Silius Italicus: De Secundo Bello Punico Poema

Inv. 1791 - Biblioteca Nazionale Marciana (Venice, Italy)
Lat. XII, 68 – 4519 - The State Hermitage Museum (St. Petersburg, Russia)

Alternate Titles:

Silius Italicus

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Codiology

Alternate Titles

Silius Italicus

Type
Extent / Format

14 pages / 33.0 x 20.2 cm

Origin
Date
Around 1448
Style
Genre
Language
Artist / School

Francesco Di Stefano (Il Pesellino)

Former owners

Pope Nicholas V
Dominican monastery of Saints John and Paul in Venice

Short description

These seven grandiose pages attest to the splendor of the manuscript of which they were once a part: one of the most valuable Italian editions of the Punica by Silius Italicus from the 15th century. This epic by the famous ancient Roman poet about the Second Punic War was rediscovered and well-received in the Renaissance. This splendidly furnished edition, illustrated by Francesco Di Stefano, was in the private collection of Pope Nicolaus V. The seven surviving pages present the allegorical figures of Rome and Carthage, portraits of Silius Italicus, Hannibal, Scipio Africanus, and Pope Nicolaus V, as well as a depiction of Mars, the god of war.

Facsimile editions available

Description

Silius Italicus: De Secundo Bello Punico Poema

These seven grandiose pages attest to the splendor of the manuscript of which they were once a part: one of the most valuable Italian editions of the Punica by Silius Italicus from the 15th century. This epic by the famous ancient Roman poet about the Second Punic War was rediscovered and well-received in the Renaissance. This splendidly furnished edition, illustrated by Francesco Di Stefano, was in the private collection of Pope Nicolaus V. The seven surviving pages present the allegorical figures of Rome and Carthage, portraits of Silius Italicus, Hannibal, Scipio Africanus, and Pope Nicolaus V, as well as a depiction of Mars, the god of war.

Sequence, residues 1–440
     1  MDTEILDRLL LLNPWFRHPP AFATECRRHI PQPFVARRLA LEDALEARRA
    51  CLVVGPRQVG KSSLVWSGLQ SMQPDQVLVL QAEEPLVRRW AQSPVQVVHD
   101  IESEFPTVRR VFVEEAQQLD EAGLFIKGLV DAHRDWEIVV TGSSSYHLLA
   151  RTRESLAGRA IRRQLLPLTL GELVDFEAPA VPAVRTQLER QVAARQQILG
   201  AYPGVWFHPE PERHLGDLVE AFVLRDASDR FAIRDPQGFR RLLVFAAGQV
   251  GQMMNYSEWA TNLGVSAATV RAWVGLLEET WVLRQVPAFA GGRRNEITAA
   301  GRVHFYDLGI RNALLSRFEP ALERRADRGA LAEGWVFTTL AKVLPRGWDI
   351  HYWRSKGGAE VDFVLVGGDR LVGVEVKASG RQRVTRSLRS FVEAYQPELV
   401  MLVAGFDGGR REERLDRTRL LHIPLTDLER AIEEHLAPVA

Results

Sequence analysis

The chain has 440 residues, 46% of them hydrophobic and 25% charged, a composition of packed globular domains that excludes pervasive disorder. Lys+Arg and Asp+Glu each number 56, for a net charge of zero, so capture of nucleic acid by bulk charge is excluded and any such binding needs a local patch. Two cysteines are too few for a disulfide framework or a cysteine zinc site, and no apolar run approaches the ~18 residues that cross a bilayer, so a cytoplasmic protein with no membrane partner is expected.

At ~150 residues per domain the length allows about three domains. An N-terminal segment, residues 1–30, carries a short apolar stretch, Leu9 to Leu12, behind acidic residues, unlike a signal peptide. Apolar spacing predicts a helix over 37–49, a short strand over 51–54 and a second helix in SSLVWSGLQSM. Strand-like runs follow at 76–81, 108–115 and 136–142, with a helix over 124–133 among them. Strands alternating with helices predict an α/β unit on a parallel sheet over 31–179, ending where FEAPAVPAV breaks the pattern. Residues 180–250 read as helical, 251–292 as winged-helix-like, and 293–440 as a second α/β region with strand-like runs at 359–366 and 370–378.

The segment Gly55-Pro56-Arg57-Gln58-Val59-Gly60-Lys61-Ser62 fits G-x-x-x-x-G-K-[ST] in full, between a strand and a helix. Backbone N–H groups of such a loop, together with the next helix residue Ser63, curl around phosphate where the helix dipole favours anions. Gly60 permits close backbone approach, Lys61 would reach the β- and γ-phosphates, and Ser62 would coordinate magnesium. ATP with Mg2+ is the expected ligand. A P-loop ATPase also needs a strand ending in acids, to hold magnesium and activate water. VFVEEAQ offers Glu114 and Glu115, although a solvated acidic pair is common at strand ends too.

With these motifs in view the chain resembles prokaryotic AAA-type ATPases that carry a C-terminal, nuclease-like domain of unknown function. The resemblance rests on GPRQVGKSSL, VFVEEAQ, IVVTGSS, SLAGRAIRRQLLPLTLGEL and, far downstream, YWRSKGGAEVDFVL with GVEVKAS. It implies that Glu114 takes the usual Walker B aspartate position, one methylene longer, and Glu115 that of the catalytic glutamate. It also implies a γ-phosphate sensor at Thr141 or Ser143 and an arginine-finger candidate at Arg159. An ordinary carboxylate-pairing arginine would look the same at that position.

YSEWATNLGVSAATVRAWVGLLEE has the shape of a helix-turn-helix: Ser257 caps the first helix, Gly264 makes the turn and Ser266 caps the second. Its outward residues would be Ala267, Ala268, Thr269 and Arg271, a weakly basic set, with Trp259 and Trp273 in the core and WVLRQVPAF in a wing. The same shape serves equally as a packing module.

The Ancient War Epic

In his famous Punica, also known under the title De bello italico, the ancient Roman poet Silius Italicus tells about the Second Punic War. This epic made the author famous. The text, which was rediscovered and adapted in the Renaissance, celebrated the greatness and power of Rome and its heroes.

In the Pope’s Possession

Pope Nicolaus V (1447-55) owned a richly-decorated codex of the Punica. This came along with the rest of Nicolaus V’s significant collection to the Dominican Convent of St. Peter and Paul in Venice. The excessively-decorated and famous manuscript was finally the victim of robbers and thus only seven pages survive today. Nonetheless, these are a grandiose attestation to the overwhelming splendor of the former codex. Today, these pages are stored in two different collections: the Biblioteca Nazionale Marciana in Venice and the Hermitage in St. Petersburg.

Seven Masterpieces of Renaissance Painting

The Silius Italicus manuscript originated ca. 1448 in Florence. The blessed artist of the work was Francesco Di Stefano, called Il Pesellino, one of the most significant artists of the Florentine Quattrocento. Francesco Di Stefano was influenced by Italy’s greatest masters, Filippo Lippi and Fra Angelico, inter alia.
The seven surviving pages measuring 33 x 20 cm present gorgeous Renaissance-style depictions in full-page miniatures. Magnificent decorative frames, which imitate marble and other materials, surround the allegorical figures of Rome and Carthage, portraits of Silius Italicus, the generals Hannibal and Scipio Africanus, Pope Nicolaus V, and the god Mars on a war chariot drawn by two horses in a marvelous landscape. They are all presented in profile as elegant figures in colorful garments, and each standing in a bright alcove.

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